A STUNNING film by a Capital cameraman which shows the creation of the two Kelpie statues in Falkirk has wowed audiences in New York.
Being screened as part of Scotland Week, the time-lapse film by the award-winning Edinburgh film-maker Walid Salhab had its world premiere in the Big Apple, while two smaller versions of the Kelpies are exhibited only a few blocks away from the Empire State Building.
His unprecedented access to the Falkirk-based building site – part of The Helix – meant that he could spend days and nights filming the seven-strong crew’s progress over five months.
The film portrays the Kelpies in an intimate way, highlighting every feature of the two imposing giants – during the day, at night, in rain and wind.
To produce this effect, Mr Salhab used a technique that consists of taking one picture, then moving the camera for an inch, framing the shot and taking another.
Later, the images are put together to produce motion. In a world where film-makers are used to immediately see what the camera is filming, in this project they had to wait several hours if not days to see the images as a sequence.
Mr Salhab said the painstakingly complex and time-consuming method of filming meant that sometimes he would spend hours waiting for the perfect moment.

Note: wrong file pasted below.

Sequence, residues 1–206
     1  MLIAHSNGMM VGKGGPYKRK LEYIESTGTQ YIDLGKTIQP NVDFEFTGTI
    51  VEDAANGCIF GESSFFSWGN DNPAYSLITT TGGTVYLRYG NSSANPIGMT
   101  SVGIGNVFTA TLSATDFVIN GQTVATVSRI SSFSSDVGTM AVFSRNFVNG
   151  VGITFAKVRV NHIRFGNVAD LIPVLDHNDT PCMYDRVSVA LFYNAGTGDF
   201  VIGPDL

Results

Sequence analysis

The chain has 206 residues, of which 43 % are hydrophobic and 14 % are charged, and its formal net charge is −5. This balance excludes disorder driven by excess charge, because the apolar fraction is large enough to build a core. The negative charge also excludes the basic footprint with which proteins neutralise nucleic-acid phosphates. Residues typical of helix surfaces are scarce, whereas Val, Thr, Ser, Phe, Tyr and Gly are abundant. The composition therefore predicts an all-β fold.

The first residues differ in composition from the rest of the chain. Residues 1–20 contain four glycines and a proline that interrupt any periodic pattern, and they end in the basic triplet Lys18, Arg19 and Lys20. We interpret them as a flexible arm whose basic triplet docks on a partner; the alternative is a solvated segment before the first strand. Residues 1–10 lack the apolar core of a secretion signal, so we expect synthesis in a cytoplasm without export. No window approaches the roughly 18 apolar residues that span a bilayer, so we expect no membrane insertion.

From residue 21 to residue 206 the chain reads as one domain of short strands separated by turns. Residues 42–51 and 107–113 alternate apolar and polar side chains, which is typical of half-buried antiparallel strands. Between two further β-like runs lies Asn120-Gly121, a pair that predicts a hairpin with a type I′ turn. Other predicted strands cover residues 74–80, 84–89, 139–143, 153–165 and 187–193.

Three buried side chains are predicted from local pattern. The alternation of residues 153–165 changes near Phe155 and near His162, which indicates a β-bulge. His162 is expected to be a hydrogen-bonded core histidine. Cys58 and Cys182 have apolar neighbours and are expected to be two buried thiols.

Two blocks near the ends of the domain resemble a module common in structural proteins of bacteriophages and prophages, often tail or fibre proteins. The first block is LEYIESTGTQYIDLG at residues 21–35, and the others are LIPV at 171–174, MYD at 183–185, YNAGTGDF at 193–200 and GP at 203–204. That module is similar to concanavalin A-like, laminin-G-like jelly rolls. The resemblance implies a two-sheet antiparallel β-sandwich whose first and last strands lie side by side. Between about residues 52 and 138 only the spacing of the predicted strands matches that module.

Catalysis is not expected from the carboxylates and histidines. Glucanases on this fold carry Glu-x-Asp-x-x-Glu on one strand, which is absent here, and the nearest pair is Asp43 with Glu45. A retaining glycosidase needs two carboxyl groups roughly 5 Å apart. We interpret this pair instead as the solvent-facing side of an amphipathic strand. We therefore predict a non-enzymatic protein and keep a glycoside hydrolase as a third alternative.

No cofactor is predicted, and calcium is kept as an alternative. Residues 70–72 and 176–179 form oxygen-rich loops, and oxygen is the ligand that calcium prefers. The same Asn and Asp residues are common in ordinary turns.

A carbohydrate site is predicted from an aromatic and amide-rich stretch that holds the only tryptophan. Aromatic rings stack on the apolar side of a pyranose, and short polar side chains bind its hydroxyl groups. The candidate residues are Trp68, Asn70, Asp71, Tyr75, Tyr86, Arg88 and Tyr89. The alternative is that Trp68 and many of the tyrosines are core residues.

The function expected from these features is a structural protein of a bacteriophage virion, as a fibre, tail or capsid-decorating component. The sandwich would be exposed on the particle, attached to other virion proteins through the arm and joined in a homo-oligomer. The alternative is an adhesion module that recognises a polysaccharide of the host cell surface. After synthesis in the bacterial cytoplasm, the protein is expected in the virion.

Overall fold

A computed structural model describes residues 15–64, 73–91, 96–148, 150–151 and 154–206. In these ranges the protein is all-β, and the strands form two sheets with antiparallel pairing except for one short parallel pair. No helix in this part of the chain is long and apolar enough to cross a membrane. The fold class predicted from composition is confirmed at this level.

“It took me two months to get a shot with the moon just in the right position,” he revealed.
And there were no second chances if a mistake was made. “We couldn’t just ask them, could you lift that twenty ton horse muzzle up again. One time was all we got,” Mr Salhab explained.
Even though there was almost no colour editing done to the images – he achieved the film’s striking colours by using a relatively long exposure – having a total of about 120,000 photographs to work with meant that he often spent his evenings choosing and editing the total of 12,000 images eventually used in the seven-minute film.
And for the Queen Margaret University lecturer and his technical support partner, Bill Annua, this was the only way to do the Kelpies justice.
When shooting began on when the commission from the Helix it was for a three-minute film documenting the Kelpies’ construction.
But it grew to seven minutes to not only show the building phase, but also to examine the finished horses from every angle and in any weather condition imaginable.
“I owed it to the Kelpies,” Mr Salhab said to explain this change of plans.
And he is not finished yet. He plans to capture the fireworks during the statues’ international launch on the April 17 prior to their opening to the public on the April 21.
The Kelpies’ creator, Andy Scott, called the time-lapse film “absolutely stunning”, with The Helix also being particularly impressed with the finished article. And their opinions were echoed by viewers at a screening at Queen Margaret University, where people found it to be “an emotional document of architectural history”.